Saddam Hussein's most important Kurdish ally has defected to Kurdish-controlled northern Iraq, London's Financial Times reported on 17 March. Jowhad Herki, leader of the Herki tribe, is a former member of the Iraqi Parliament and supported the Baghdad government during successive suppressions of Kurdish uprisings since the 1960s. Northern Iraqi Kurdish officials were taking the defection as a sign that, as Saddam Hussein's downfall appears on the horizon, his internal support is waning. The Herki is the largest of various tribes who have allied themselves with Saddam Hussein's regime for reasons of inter-tribe rivalry. Jowhad Herki controlled several thousand troops around Mosul before defecting, and whether they will seek to join their leader or remain loyal to the Iraqi president is now questionable. Kurdish leader Maoud Barzani reports having held meetings with several former foes over recent weeks to create a united front ahead of Saddam Hussein's potential fall.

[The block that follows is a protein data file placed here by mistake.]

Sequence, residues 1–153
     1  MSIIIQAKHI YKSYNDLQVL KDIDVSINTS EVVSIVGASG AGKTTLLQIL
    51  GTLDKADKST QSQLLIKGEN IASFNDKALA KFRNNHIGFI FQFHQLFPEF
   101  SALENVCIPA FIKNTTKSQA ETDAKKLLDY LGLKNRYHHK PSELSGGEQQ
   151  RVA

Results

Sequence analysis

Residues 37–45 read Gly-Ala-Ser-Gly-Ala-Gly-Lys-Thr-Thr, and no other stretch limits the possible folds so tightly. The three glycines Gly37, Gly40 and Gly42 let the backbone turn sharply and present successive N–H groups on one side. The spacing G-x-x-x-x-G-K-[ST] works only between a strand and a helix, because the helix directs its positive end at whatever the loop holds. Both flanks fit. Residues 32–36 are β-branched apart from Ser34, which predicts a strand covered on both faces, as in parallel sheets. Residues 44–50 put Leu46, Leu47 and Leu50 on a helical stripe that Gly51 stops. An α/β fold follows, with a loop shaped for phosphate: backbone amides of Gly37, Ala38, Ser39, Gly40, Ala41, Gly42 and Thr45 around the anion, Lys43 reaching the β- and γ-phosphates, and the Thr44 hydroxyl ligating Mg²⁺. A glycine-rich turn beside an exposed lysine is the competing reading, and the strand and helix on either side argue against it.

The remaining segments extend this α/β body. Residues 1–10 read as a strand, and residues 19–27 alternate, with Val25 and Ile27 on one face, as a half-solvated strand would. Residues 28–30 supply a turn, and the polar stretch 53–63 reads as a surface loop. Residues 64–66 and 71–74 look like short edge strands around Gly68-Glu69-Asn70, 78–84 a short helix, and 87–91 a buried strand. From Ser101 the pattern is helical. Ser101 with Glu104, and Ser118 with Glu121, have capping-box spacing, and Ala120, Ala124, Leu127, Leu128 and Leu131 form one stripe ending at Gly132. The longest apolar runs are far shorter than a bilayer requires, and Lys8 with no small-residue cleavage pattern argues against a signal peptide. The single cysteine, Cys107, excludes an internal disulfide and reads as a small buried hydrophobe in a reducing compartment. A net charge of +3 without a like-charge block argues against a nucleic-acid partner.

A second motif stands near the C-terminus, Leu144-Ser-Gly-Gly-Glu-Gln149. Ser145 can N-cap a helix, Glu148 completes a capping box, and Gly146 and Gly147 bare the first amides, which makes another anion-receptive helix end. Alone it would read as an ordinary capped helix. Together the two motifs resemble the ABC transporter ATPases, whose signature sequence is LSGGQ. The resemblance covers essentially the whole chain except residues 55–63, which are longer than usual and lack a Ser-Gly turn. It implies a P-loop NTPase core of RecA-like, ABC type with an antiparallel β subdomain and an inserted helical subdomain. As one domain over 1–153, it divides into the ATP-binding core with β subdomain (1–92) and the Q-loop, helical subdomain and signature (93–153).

Kurdish, Turkish and US representatives are to meet in Ankara on 17 March to discuss the thorny issue of Turkish intervention in northern Iraq in the event of war. Turkey is determined to send a force into Iraqi territory to prevent a flow of refugees into Turkey and to protect the Turkomen minority in Iraq.